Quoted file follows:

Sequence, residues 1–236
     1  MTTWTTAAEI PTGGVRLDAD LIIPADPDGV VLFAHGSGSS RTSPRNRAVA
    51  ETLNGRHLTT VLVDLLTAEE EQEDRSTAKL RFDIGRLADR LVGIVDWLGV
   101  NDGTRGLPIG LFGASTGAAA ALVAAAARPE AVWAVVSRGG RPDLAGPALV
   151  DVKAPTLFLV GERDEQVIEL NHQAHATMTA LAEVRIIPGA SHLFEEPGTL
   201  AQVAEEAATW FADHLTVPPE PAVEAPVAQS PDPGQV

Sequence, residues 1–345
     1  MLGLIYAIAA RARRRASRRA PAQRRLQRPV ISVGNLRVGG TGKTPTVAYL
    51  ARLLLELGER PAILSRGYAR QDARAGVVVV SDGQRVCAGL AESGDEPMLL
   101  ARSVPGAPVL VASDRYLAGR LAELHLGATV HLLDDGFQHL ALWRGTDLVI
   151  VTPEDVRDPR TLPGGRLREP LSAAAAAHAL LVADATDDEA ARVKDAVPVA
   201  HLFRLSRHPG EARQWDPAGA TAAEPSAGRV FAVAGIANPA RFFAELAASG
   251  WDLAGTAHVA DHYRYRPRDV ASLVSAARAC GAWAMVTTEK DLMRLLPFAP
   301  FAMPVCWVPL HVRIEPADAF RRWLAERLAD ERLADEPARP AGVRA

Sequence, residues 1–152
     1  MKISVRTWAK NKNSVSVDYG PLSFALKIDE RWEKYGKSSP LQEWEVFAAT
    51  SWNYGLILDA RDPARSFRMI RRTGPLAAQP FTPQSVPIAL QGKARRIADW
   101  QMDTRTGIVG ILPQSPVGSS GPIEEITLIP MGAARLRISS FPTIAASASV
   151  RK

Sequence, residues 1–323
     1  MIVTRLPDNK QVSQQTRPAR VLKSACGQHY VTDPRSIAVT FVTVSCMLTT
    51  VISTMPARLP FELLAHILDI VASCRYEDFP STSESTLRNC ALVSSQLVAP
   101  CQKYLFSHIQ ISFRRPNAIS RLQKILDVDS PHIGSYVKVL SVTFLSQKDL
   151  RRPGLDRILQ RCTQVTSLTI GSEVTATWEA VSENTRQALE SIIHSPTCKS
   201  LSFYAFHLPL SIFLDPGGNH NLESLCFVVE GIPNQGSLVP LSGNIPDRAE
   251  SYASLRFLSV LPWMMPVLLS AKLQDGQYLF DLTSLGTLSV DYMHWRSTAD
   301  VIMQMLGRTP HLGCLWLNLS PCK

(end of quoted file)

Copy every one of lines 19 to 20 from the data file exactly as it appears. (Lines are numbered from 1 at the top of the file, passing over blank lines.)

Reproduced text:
   151  RK

Sequence, residues 1–323